Yamaha MT-15 V2 Road Test Review – The Perfect Imperfection

MT15 V2 Road Test Zigwheels 1

The Yamaha R15, it holds a high regard among Indian bikers and for good reasons. It offered a mix of performance, handling, features and styling which is still unbeatable. So when Yamaha launched the streetbike version of the R15, in the form of the MT-15, understandably, expectations were high. Alas, it couldn’t deliver. One of the key reasons for this was the Indianisation of the Yamaha MT-15 in the pursuit of cost-cutting. But three years after its debut, the Japanese brand has tried to fix those errors with the new MT-15 Version 2.0. Have they managed it? 

On the move

The new MT-15 finally gets a USD fork and a cast aluminium swingarm. While the old bike was no slouch with respect to handling even with a telescopic fork and a box-unit swingarm, the MT-15 Version 2.0 engages the rider even more. The most impressive bit is the front-end stability, and this means you can trust the bike more and commit to corners better. Gladly, this stability doesn’t come at the cost of agility, the new MT-15 feels extremely nimble and you can hustle it on city roads, and it lives up to its streetfighter DNA.

MT15 V2 Road Test Zigwheels 8

However, the brilliant handling comes at a cost and that’s comfort. The suspension set-up is stiff and if you aren’t careful on bumpy roads, it will toss you off the saddle. So be it speed breakers or undulations, you better slow down. 

The 2022 Yamaha MT-15 still misses out on dual-channel ABS, even as an option. Given its safety benefits and the performance on tap, in our opinion this a big blunder from Yamaha. 


Yamaha MT-15 Version 2.0

Yamaha R15 V4







The front disc offers a good bite but there is no feel and the rear disc brake feels numb with hardly any feedback. In fact during the braking test we had a few hairy moments.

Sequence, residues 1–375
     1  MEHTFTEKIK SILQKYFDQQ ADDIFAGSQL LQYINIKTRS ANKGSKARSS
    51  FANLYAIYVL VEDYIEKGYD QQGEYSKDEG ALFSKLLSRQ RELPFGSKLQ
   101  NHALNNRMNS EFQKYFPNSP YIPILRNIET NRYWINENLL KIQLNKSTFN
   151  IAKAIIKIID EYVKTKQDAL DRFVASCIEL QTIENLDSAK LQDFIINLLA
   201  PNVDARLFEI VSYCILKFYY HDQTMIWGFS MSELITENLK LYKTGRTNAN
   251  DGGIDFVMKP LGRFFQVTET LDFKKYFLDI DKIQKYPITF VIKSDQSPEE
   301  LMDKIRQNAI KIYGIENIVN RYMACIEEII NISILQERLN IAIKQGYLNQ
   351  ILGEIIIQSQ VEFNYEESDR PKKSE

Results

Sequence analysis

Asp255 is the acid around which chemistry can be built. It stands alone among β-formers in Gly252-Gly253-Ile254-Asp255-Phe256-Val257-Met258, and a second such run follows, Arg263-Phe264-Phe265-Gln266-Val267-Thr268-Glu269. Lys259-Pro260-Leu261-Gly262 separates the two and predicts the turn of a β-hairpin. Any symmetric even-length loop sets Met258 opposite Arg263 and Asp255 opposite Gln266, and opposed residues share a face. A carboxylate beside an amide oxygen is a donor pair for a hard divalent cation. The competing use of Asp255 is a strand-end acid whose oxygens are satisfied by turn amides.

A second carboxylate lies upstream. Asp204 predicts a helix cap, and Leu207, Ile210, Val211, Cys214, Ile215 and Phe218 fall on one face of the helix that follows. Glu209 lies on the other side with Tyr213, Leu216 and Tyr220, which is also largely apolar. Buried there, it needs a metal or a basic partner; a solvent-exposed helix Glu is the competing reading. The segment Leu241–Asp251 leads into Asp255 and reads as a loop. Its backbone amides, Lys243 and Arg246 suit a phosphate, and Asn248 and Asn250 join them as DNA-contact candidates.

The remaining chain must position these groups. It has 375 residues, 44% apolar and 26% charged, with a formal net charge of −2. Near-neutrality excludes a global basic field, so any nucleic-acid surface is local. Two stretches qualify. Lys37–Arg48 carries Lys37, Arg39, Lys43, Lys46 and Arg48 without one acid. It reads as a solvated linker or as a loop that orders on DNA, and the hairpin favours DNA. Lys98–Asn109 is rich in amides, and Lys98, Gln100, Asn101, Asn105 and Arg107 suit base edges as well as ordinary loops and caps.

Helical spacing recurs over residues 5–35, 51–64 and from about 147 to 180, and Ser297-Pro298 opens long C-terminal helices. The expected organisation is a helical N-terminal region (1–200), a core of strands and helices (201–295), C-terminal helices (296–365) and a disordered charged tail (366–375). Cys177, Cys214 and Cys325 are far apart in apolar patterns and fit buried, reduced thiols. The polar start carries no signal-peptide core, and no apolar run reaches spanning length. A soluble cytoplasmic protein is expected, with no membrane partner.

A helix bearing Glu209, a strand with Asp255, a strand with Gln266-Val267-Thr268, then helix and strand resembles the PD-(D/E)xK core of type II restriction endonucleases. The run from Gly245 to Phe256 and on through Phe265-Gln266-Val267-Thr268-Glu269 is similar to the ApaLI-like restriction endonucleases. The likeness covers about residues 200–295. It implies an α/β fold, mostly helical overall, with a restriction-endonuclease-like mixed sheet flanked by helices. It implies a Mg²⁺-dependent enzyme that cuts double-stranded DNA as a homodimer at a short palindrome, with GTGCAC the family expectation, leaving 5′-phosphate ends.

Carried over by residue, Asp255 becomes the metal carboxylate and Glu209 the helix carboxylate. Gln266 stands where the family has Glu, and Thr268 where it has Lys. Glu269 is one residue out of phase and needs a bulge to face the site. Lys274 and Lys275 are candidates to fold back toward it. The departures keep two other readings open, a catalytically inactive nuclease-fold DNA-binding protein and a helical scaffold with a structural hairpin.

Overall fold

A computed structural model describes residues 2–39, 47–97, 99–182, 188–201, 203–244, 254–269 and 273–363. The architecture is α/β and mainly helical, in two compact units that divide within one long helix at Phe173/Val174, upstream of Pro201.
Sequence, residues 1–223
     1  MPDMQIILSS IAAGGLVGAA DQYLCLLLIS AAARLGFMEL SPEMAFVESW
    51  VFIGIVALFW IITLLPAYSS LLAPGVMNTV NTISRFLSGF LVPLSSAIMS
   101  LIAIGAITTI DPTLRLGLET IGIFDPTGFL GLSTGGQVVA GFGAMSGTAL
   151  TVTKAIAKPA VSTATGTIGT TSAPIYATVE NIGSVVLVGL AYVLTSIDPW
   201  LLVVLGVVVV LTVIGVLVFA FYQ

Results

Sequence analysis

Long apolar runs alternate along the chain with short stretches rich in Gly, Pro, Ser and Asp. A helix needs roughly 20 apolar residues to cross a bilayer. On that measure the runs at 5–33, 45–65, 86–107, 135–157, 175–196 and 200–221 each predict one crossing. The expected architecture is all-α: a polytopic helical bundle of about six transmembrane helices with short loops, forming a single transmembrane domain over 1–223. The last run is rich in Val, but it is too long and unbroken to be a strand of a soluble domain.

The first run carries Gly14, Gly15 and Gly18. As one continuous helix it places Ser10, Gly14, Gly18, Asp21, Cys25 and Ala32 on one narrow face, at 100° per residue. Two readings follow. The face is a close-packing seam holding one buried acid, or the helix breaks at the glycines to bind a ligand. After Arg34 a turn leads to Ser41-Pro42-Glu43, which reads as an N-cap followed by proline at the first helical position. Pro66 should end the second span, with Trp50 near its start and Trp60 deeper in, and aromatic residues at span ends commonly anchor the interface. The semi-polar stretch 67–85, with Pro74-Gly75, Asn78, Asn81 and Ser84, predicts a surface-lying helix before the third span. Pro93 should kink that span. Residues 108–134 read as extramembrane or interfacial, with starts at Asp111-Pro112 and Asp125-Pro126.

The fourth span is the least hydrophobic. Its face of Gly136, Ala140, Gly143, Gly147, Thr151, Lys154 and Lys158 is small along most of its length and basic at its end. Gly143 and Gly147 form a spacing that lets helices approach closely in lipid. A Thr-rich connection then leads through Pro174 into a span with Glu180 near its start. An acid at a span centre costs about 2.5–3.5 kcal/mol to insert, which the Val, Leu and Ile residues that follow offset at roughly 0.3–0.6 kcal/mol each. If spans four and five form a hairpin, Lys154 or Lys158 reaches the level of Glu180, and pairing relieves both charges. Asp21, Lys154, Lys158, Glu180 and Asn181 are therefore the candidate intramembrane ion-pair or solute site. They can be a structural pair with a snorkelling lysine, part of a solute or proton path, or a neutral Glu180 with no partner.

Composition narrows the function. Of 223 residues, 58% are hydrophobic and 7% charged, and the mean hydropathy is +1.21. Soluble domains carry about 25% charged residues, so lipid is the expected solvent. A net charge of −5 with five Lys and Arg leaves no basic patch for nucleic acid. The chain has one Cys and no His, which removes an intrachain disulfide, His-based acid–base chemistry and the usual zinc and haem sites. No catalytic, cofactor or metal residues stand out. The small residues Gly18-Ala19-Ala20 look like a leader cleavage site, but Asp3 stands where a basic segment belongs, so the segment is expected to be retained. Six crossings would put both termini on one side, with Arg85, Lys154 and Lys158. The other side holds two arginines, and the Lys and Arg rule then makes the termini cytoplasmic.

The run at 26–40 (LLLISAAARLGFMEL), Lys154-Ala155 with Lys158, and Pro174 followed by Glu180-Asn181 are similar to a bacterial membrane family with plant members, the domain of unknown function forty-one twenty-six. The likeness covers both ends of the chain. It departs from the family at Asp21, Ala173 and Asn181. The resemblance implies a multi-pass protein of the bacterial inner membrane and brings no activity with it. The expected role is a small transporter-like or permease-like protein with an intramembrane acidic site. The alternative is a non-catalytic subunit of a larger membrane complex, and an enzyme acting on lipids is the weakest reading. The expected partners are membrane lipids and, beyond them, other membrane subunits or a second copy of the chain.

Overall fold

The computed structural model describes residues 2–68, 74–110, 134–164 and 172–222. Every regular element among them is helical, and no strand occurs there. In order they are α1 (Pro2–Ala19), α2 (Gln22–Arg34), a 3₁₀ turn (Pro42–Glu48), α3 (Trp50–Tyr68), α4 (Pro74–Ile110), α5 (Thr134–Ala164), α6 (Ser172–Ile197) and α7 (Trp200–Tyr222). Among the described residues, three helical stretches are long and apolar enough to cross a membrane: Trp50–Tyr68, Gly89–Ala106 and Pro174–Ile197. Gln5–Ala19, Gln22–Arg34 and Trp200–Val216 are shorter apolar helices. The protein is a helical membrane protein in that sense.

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The riding posture is that of a typical streetfighter with flat-low handlebar and rearset footpegs. The riding stance is slightly canted forward and sporty,but not too committed,  which means you can spend long hours on the saddle without any discomfort. Seat height is also decent at 810mm. 

While there is enough space for the rider, the pillion footpeg was fouling with my size 11 riding boots and it was irritating. The pillion seat is almost non-existent, in fact the mount for the number plate is longer than the pillion seat! So if you plan to ride two-up, we will suggest looking elsewhere. 

MT15 V2 Road Test Zigwheels 10

Performance Check


155cc, single-cylinder, liquid-cooled, VVA


18.4PS @ 10,000rpm


14.1Nm @ 7,500rpm 


6-speed with slipper clutch 

As you can see in the above spec sheet, power is down by 0.1PS, but torque has been bumped up by 0.2Nm! So as expected the engine has become more tractable. I was able to ride the bike in 6th gear at 25kmph, and for such a high-revving engine, this is quite  impressive.